The Site Of The Historic Unionization Campaign At An Amazon Warehouse Is Like A Lot Of American Towns: People Want Good Jobs, And That Means Not Just Wages But Dignity And Respect.
Bessemer, Alabama, a town of 27,000 located 15 miles southwest of Birmingham, drew international attention earlier this year when 5,800 workers at its recently opened Amazon fulfillment center voted on whether to unionize (they preliminarily lost). Although the headlines focused mostly on implications for the e-commerce giant, underneath lies a story of an American community reinventing itself. Bessemer was once a steel town, the site of a Pullman Standard railcar factory, and part of Alabama’s labor history. As the region’s thriving economy started to fizzle out in the 1970s and ’80s (the Pullman plant closed in 1981), Bessemer, whose population is more than 72% Black, 22% white, and 4% Hispanic or Latino, with more than 25% living in poverty, was left searching for thousands of new jobs to fill the manufacturing industry’s void.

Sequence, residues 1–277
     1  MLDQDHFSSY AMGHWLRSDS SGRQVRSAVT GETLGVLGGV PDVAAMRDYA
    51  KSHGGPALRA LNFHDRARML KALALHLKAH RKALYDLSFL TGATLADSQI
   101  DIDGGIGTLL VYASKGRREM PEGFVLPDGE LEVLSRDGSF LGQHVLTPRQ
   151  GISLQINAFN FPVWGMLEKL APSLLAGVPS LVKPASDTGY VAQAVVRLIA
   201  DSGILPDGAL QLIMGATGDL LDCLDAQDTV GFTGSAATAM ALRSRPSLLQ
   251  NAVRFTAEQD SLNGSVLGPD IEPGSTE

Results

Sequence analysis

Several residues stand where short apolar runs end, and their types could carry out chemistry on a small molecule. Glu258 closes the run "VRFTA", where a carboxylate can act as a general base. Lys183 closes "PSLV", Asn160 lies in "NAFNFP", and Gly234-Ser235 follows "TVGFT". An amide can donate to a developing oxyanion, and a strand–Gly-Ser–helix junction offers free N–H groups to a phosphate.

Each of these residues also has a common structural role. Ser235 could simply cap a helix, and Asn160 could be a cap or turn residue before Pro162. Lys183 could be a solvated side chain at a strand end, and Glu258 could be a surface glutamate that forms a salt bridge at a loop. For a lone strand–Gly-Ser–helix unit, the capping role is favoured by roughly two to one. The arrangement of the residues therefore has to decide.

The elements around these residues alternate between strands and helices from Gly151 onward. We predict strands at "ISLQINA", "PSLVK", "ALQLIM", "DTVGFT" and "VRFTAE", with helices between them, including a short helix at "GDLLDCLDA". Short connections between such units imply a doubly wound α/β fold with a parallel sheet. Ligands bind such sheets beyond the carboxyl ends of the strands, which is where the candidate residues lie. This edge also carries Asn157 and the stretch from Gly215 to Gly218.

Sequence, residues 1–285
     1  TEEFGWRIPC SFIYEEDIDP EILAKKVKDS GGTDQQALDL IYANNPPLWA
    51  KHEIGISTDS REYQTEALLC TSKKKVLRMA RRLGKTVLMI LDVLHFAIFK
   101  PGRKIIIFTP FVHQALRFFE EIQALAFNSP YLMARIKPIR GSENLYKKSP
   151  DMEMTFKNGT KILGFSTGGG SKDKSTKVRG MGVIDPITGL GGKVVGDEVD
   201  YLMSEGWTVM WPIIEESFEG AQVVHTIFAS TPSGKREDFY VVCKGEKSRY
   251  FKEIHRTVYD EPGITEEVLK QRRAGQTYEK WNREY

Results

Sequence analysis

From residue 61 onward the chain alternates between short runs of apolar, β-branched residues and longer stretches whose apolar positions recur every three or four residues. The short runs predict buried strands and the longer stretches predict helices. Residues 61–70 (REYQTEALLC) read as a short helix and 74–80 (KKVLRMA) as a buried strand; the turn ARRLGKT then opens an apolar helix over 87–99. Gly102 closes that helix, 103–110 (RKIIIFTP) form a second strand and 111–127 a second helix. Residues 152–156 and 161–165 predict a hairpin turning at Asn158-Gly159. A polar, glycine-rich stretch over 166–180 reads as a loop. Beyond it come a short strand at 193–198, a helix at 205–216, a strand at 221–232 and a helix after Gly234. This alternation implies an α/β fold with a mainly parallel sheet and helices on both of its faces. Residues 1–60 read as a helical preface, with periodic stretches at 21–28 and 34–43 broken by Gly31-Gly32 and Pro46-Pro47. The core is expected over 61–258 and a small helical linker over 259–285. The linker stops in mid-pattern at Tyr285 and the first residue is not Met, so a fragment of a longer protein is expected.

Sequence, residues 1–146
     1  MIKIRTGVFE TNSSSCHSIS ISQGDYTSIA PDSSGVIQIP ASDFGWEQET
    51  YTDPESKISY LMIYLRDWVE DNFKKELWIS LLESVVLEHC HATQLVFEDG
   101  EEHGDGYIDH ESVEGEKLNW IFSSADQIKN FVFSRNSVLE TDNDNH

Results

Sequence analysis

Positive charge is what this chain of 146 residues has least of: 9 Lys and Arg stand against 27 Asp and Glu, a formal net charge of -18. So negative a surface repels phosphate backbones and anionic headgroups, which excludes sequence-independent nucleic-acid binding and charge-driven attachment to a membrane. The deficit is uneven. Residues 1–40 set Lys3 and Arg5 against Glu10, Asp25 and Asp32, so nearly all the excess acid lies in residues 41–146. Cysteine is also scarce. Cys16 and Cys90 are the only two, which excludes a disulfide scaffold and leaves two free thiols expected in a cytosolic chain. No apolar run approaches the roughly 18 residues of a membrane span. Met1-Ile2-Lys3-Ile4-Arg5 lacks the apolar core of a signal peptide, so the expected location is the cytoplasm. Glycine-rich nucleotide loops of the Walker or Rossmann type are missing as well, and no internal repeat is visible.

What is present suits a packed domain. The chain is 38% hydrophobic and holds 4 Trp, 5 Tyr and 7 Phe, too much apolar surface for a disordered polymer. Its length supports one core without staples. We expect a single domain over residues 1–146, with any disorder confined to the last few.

Like so many cities across America, Bessemer has tried to remake itself in a corporate America oriented more around logistics than manufacturing. The town sits between two interstates, making it an attractive distribution hub to serve the Southeast. When Amazon announced in 2018 that it would open a fulfillment center there, it promised at least 1,500 jobs. Others soon followed: Carvana, the online auto dealer valued at more than $40 billion, announced its own distribution and fulfillment center (450 jobs, at a promised average annual salary of more than $35,000), and developer Clayco, which was contracted to build centers for Lowe’s (150 to 200 jobs) and Dollar General. Even some manufacturing remains, but it is also modernized: On the site of the old Pullman plant now sits Blox, a design and construction firm that makes modular buildings, mostly for hospitals.
Bessemer’s revitalization efforts, from construction and engineering to service-sector restaurant jobs, highlight that there is no one industry like steel that can prop up a local economy today. These are the people who make Bessemer work. But they’re also the faces of today’s American worker.